Painted Women

Poem by Michael Cantor


The first one was the Botticelli girl

pre-Raphaelite, a Venus Lite whose ropes

of golden hair drew sparrows from the rooftops

when she glided down East Second Street;

and heblack leather cap, black coat, black beard,

small body twisted like a question mark

appeared to stumble in her wake, appended

and dependent, yet somehow in charge.


And soon we saw her in the canvases

that lined his loft, and filled a gallery:

she rose up from a taxicab in one,

a Hudson River clamshell in another;

a hand half-hid her naked, perfect breasts.

The paintings were unframed: no glitz, no gilt;

just stretchers, staples, gesso and acrylic


and herthe light brown eyes, that realm of hair.


His work sold quickly, then she disappeared

from studios, from Second Street, from life.

She left no baggage; no one knew her name.

Word got around from time to time that he

was spotted uptown somewhere, maybe Chelsea,

with a darker, yet familiar face.



He reappeared, in time, beside a darker

yet familiar face, whose oval shape


head cocked, brows plucked and arched above pursed lips


was perched and angled on a neck so long

its very length became irrational.

We climbed four flights to reach his sublet loft

and poked around while she looked past our stares;

at ease and naked as she posed for him.


Modigliani Ronnie we anointed her,

we inbred elders of the neighborhood;

and watched, and shook our heads as, once again,

a stream of portraits of his newest love  

thin waist, broad hips, suggestive tufts of hair

beneath her outstretched and columnar arms;   

or clothed and in a chairengulfed our side-street

framing shops and filled the Avenues.   


And when this batch was sold, then Ronnie too

had had her moment, had her flash of life,

and was not seen again.  A thick Botero

girl with massive thighs moved in next year;

a Renoir, then a Balthus, then some more.

The gossip had it that his beard turned gray.



His beard turned gray, then white, the story went.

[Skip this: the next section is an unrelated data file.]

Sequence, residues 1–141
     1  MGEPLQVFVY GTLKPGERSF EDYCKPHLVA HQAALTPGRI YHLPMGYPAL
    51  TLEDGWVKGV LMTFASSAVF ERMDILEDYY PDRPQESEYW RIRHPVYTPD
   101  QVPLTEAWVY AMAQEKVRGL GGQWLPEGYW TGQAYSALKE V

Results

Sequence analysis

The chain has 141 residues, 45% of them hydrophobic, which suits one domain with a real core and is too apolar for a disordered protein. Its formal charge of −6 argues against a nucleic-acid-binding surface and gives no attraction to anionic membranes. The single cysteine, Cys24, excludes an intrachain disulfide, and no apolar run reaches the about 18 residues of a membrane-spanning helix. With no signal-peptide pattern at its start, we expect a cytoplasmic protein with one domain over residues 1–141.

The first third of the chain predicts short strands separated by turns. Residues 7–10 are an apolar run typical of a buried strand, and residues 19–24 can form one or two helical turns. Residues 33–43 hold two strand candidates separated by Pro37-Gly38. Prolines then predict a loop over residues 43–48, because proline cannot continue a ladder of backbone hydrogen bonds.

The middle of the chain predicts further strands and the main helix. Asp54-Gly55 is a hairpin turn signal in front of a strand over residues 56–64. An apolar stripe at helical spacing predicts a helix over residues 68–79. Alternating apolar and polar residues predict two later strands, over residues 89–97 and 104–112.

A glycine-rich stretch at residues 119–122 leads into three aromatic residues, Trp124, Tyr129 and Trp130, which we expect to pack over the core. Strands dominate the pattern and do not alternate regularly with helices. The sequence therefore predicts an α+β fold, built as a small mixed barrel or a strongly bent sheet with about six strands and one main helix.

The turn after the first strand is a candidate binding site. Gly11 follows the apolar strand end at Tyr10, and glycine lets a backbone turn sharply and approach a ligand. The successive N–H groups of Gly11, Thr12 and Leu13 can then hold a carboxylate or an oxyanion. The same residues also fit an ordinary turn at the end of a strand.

Now he found his models on the street

and focused on an inch or two of skin.

He wore thick glasses as he stabbed on paint

throughout the progress of an afternoon,

and moved in closer, squinting through a lens;

the model, dozing, sprawled across a chair,

reduced to pixilated dots and dabs

as he enlarged each pore, each untweezed hair

that curled and wandered near an areole,

until the canvas spread to fill the room.


Until he was consumed in its enormity,

until their presence drained the room of air,

the folds and crush of belly, breast and flank

embracing, crushing and devouring him. 

Or so the theory went when he had vanished,

when nothing could be found within the loft

except the paintings, stretched from wall to wall

and to the ceiling, of flesh and flesh and flesh,

so magnified and moist it seemed to breathe;

and stacks of massive rolls of canvases

that, unrolled, hinted of his tortured frame.



He had evaporated, evanesced,

the tortured frame a memory at best.

The painter and his many works and models

melted from the art scene and the Village.

But, yes, the waitress in this coffee shop

does have a Gaugin kind of look and style,

and the couple that just walked in holding hands,

and trade small kisses as they take a table,

bring Ronnie and the Botticelli girl

to mind. And is it just the low-cut dress

that makes that blonde barrista Rubenesque?


You see them drifting through the narrow streets

and in the markets and the laundromats,

these curiously familiar, striking women.

Some claim that if you try an angled glance 

you may, at times, catch just the flicker

of a leather cap, a coat, a beard,

a body twisted like a question mark.